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Friday, August 12, 2011


Everything is of utmost importance to a toddler. Each experience must never end. Sharing is a monstrosity invented by cruel parents to torment and disgust.  Fun places are not even fun because they know that eventually the fun will end. And that knowledge is enough for them to start crying about it before we even get there.

The energy it must take to be a toddler, I can't even imagine. They have so many *~feelings~*.  How can they even survive with all of these tortures in place to tease and torment them? Adult distraction doesn't work anymore, they're too stubborn for that. Reverse psychology? They learned that game six months ago. Nothing doing. They are going to cry and they are going to cry now and there is nothing anyone can do to stop it because the world is just too much.

But, when our adult tactics fail our children often enough, they adapt. They move to their own solution, often one that we would never have thought of.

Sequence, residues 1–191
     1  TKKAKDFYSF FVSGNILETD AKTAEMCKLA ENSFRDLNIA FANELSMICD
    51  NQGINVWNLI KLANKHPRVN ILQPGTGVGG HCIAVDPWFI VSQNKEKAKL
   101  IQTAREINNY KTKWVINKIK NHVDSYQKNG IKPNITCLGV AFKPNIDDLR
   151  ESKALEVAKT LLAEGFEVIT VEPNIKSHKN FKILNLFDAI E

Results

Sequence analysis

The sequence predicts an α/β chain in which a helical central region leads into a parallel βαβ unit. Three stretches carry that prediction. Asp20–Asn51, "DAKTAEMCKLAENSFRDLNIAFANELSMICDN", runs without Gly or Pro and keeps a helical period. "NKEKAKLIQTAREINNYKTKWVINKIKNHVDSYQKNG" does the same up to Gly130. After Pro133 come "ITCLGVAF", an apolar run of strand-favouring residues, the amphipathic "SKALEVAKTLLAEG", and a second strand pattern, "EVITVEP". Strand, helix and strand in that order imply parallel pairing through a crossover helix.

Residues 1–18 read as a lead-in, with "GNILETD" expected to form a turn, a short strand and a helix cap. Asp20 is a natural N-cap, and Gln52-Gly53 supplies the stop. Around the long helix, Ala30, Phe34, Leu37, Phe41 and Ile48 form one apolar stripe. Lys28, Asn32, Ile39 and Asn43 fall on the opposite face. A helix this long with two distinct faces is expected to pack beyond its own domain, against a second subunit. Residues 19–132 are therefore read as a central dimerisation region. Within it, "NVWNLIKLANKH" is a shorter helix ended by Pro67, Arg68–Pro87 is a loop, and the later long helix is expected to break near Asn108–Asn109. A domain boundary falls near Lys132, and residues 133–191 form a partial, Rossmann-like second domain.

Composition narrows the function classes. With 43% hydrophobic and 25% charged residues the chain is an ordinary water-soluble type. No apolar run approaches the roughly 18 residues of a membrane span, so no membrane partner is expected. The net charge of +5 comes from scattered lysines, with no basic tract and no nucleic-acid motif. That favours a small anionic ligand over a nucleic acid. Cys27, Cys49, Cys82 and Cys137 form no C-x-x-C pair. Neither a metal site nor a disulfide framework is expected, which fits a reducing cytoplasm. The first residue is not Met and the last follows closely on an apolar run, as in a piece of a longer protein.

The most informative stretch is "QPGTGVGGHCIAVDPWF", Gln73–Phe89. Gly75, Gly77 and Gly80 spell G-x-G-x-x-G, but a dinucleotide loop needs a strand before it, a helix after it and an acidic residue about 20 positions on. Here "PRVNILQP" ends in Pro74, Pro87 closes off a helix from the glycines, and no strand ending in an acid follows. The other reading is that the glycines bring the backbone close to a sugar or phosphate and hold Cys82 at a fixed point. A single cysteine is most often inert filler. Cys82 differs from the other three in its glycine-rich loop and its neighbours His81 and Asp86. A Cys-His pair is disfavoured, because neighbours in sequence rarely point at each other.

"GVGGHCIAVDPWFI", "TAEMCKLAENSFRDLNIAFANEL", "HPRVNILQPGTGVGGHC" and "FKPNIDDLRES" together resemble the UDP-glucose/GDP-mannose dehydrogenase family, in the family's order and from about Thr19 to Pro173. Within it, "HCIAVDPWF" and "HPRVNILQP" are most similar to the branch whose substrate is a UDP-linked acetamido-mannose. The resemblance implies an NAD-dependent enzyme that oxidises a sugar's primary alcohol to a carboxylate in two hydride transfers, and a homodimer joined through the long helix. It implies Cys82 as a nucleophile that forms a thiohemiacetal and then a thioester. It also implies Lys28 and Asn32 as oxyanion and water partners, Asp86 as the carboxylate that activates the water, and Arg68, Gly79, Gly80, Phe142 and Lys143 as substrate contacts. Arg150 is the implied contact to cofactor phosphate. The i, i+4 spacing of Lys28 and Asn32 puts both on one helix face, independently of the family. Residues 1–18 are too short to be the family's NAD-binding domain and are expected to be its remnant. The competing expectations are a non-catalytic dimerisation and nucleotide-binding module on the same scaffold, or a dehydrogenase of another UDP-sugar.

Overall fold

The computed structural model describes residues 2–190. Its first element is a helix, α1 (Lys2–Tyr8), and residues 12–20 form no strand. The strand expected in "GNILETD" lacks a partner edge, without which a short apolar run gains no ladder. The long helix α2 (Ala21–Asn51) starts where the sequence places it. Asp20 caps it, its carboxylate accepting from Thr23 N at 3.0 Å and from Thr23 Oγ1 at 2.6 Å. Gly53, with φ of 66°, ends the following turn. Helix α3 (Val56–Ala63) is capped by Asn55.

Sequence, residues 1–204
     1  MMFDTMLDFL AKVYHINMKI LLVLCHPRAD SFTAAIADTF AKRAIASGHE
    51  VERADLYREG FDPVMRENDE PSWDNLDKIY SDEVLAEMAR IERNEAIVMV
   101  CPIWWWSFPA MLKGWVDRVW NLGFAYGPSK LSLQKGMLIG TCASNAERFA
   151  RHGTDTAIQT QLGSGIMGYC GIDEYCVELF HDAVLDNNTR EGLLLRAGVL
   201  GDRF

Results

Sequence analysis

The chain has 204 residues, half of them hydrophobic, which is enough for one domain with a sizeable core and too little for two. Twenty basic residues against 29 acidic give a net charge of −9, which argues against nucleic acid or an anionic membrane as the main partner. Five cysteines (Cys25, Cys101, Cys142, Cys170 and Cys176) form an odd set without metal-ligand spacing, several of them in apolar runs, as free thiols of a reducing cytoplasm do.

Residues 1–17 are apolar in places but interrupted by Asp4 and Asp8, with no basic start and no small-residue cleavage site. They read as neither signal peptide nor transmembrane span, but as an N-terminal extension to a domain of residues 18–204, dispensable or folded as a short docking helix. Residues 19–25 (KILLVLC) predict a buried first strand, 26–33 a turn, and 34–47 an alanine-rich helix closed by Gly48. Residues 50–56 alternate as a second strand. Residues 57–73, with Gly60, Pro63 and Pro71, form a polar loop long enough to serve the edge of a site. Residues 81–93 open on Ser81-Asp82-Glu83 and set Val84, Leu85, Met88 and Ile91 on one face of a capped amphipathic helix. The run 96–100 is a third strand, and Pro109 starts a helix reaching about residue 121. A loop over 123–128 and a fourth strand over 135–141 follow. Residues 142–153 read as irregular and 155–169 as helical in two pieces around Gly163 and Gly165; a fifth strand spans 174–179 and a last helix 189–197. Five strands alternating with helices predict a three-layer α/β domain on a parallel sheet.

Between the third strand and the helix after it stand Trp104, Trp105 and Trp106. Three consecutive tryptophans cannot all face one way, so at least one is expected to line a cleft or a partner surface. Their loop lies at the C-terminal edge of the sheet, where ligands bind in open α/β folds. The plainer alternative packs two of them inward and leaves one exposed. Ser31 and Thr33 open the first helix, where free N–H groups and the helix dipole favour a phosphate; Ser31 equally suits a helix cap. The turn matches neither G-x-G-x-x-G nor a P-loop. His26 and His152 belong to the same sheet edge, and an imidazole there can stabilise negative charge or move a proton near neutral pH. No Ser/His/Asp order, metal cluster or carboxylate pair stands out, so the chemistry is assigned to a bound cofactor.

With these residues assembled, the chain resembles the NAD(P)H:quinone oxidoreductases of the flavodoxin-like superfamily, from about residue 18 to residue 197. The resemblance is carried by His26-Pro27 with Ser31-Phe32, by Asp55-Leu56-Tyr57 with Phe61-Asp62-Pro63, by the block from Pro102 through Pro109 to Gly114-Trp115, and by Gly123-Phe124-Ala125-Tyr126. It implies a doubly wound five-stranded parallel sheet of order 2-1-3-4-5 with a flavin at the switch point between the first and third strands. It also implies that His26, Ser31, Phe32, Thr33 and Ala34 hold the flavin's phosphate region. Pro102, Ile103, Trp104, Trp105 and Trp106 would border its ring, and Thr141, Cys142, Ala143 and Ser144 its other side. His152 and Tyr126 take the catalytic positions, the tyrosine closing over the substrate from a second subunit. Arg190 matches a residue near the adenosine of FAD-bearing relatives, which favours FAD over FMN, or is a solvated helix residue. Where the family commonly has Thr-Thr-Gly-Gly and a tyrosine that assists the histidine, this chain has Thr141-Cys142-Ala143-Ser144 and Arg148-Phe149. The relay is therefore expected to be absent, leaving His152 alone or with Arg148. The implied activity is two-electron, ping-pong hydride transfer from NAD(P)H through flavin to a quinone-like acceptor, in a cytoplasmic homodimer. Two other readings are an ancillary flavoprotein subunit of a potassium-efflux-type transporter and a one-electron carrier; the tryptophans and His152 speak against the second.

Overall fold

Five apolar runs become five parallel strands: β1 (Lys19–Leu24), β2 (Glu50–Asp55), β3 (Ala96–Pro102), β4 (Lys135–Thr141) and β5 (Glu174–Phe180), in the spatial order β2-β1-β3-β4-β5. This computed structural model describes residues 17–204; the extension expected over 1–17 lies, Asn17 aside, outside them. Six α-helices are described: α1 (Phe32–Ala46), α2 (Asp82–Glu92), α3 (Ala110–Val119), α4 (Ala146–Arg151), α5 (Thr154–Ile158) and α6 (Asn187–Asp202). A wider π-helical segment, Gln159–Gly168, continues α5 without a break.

Our biggest problem in this house has to do with the incessant movement of time. Nothing can ever end, and, at the same time, nothing can ever begin fast enough. It's a very confusing atmosphere all around. To combat this, the twins will soothe themselves during whatever activity it is that they don't want to end by reassuring themselves that more is coming directly following the completion. They know it's not true, but they ask me to verify their vision of unending candy, videos and playing outside.

Natalina will take one bite of cereal / cheez its / pretzels / ice cream, and immediately say to me, "next you get me more, mama? Next you get me more _______?"

Then I say yes, if she can finish what I've given her in her bowl, I will then immediately get her more, essentially moving that this moment can last forever, and she is satisfied. She rarely finishes the bowl, so I rarely have to get her more. But even when she does, she's uninterested in actually eating the next helping. The device and action was there only to extend the experience in her own mind, to give her the control of ending it when she was ready.

It's actually quite genius. A soothing technique straight out of a self-help book. By attacking the small problems, she takes control of the larger issue, which is, of course, that she would just like a little control in her life.

I'm so glad my twins have started figuring this stuff out on their own because my solutions pale in comparison to their genius self-fixes.


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